Appellant also claims that his guilty plea was coerced because it was based on his desire for treatment.  He argues that, because he could not afford treatment himself, he needed the state to pay for it.  But a defendant who seeks to withdraw a guilty plea based on coercion must show that the state induced the guilty plea “through actual or threatened physical harm, or by mental coercion overbearing the will of the defendant.”  Sykes v. State, 578 N.W.2d 807, 813 (Minn. App. 1998) (quotation omitted), review denied (Minn. 16 July 1998), cert. denied, 525 U.S. 1055, 119 S. Ct. 619 (1998).  There is no evidence in the record that appellant’s decision to plead guilty was based on the state’s promise of treatment.  The record reveals that the state only promised to join defense counsel in recommending that appellant be put on probation if appellant was found to be amenable to probation by court services.  Appellant stated during the plea hearing that there were no other promises, bargains, deals, or understandings that were made to him to motivate him to plead guilty and that the entire agreement was stated in the plea petition.

The state argues that it would be prejudiced by withdrawal of appellant’s guilty plea because the prosecutor told the victim that she would not have to testify.  Appellant claims the state would not necessarily be prejudiced because the district court would have to complete a competency evaluation of the victim before she would be permitted to testify.  But appellant’s argument ignores the fact that the victim would have to go through a competency evaluation if appellant’s guilty plea were withdrawn.

Taking the relevant factors under rule 15.05 into consideration, we conclude that the district court did not abuse its discretion in denying appellant’s motion to withdraw his guilty plea.[3]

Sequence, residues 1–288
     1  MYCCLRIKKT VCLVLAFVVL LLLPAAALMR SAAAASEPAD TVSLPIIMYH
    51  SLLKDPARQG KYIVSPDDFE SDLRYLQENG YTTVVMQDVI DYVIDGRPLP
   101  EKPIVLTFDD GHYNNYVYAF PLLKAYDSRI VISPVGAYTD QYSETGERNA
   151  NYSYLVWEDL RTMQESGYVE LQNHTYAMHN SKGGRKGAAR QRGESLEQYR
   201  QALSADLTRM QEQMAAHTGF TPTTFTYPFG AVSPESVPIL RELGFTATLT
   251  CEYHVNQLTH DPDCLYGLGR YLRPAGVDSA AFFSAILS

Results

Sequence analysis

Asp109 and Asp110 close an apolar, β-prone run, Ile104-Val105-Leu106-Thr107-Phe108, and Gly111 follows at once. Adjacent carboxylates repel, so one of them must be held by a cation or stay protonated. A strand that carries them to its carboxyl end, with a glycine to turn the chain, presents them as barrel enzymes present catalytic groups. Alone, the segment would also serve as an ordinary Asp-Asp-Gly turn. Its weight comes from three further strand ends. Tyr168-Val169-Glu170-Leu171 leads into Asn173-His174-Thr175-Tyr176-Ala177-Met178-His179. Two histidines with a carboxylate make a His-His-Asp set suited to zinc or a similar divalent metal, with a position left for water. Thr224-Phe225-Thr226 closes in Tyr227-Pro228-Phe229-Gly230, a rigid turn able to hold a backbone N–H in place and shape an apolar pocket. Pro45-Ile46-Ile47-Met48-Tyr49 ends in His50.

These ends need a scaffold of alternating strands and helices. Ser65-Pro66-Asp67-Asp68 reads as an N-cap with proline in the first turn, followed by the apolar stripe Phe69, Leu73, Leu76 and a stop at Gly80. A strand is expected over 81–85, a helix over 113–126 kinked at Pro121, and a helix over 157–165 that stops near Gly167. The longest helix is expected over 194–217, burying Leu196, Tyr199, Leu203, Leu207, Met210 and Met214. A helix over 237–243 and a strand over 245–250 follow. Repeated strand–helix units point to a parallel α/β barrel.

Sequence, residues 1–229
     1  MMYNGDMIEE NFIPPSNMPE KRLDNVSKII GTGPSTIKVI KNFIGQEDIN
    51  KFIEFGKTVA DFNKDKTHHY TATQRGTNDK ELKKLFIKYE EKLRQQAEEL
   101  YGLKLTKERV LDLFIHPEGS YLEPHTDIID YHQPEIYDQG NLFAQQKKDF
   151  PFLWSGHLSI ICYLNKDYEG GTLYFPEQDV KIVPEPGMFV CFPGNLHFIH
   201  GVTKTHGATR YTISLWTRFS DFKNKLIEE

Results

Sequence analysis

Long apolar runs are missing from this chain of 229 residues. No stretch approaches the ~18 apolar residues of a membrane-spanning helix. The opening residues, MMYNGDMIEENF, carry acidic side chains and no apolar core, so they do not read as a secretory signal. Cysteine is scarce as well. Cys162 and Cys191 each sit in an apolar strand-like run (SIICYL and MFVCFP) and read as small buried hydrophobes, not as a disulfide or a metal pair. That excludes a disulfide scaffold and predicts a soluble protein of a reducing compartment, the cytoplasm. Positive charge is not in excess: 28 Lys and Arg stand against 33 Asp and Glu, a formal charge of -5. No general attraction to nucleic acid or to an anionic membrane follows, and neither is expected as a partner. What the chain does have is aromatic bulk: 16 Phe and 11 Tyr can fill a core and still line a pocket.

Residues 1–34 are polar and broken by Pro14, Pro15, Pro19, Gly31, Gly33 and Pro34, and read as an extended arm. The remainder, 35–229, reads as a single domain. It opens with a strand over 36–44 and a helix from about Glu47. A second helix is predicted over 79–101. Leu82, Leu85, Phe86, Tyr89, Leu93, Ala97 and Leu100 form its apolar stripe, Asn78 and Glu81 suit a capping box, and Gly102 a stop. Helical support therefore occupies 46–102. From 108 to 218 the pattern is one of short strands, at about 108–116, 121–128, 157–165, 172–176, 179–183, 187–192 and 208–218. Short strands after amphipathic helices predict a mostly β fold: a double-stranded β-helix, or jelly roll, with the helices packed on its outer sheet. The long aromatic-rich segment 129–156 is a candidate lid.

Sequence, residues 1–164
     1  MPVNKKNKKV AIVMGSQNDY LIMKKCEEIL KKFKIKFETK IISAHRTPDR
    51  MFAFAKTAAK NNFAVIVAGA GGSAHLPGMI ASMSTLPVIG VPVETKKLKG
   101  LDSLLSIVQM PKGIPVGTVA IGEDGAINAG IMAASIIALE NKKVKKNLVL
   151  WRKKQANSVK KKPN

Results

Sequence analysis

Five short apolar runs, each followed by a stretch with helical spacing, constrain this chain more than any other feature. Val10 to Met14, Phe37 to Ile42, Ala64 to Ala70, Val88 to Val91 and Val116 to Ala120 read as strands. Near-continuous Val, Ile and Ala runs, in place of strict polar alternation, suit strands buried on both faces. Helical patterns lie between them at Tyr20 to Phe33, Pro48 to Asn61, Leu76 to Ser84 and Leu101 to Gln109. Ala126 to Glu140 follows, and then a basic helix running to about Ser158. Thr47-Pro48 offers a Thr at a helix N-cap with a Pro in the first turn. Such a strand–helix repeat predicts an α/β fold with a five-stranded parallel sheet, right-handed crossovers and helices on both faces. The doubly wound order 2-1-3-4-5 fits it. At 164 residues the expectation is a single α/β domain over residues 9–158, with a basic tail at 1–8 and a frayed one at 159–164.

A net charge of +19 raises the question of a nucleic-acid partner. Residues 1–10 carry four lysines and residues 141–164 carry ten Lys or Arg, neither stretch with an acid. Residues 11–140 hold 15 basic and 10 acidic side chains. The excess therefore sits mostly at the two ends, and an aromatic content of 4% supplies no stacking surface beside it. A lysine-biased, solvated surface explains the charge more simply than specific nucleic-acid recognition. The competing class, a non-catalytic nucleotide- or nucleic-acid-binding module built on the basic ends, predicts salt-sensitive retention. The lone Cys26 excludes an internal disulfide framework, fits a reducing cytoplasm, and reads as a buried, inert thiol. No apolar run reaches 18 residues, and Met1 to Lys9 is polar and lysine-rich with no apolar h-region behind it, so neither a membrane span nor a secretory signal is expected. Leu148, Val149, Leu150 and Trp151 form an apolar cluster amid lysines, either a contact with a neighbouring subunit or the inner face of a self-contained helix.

Affirmed; motion denied.


[1] The state also agreed that, if appellant were found to be amenable to probation, the state would recommend a downward dispositional departure.

[2] Abdisalan argued that his limited comprehension of English prevented him from fully understanding the plea proceedings and that his plea was the result of coercion.  Abdisalan, 661 N.W.2d at 694.  This court held that there was no evidence in the record that the defendant failed to understand the nature, purposes, and consequences of his plea, that defense counsel did not pressure the defendant to plead guilty, and that

the district court not only ensured that Abdisalan was told clearly of all his trial-related rights, the direct and collateral consequences of the sentence to be imposed, and the particular facts underlying the crime to which he was pleading guilty, but also made certain that his responses evinced a voluntary plea.

Id. at 695.


[3] We note that after briefing in this appeal was completed, appellant moved for supplemental briefing on the potential application of the recent United States Supreme Court opinion Blakely v. Washington, ___ U.S. ___, 124 S. Ct. 2531 (2004), to appellant’s sentence.  Because the district court has not addressed this issue, it would be premature for this court to consider it now.  Accordingly, we deny appellant’s motion but preserve the issue for possible postconviction proceedings in the district court.